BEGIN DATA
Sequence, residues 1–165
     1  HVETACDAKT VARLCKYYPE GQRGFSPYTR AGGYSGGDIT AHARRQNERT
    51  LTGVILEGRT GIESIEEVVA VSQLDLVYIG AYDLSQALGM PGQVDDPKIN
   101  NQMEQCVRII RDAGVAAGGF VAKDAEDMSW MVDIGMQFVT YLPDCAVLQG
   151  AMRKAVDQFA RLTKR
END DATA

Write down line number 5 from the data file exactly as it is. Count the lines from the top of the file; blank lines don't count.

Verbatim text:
   151  AMRKAVDQFA RLTKR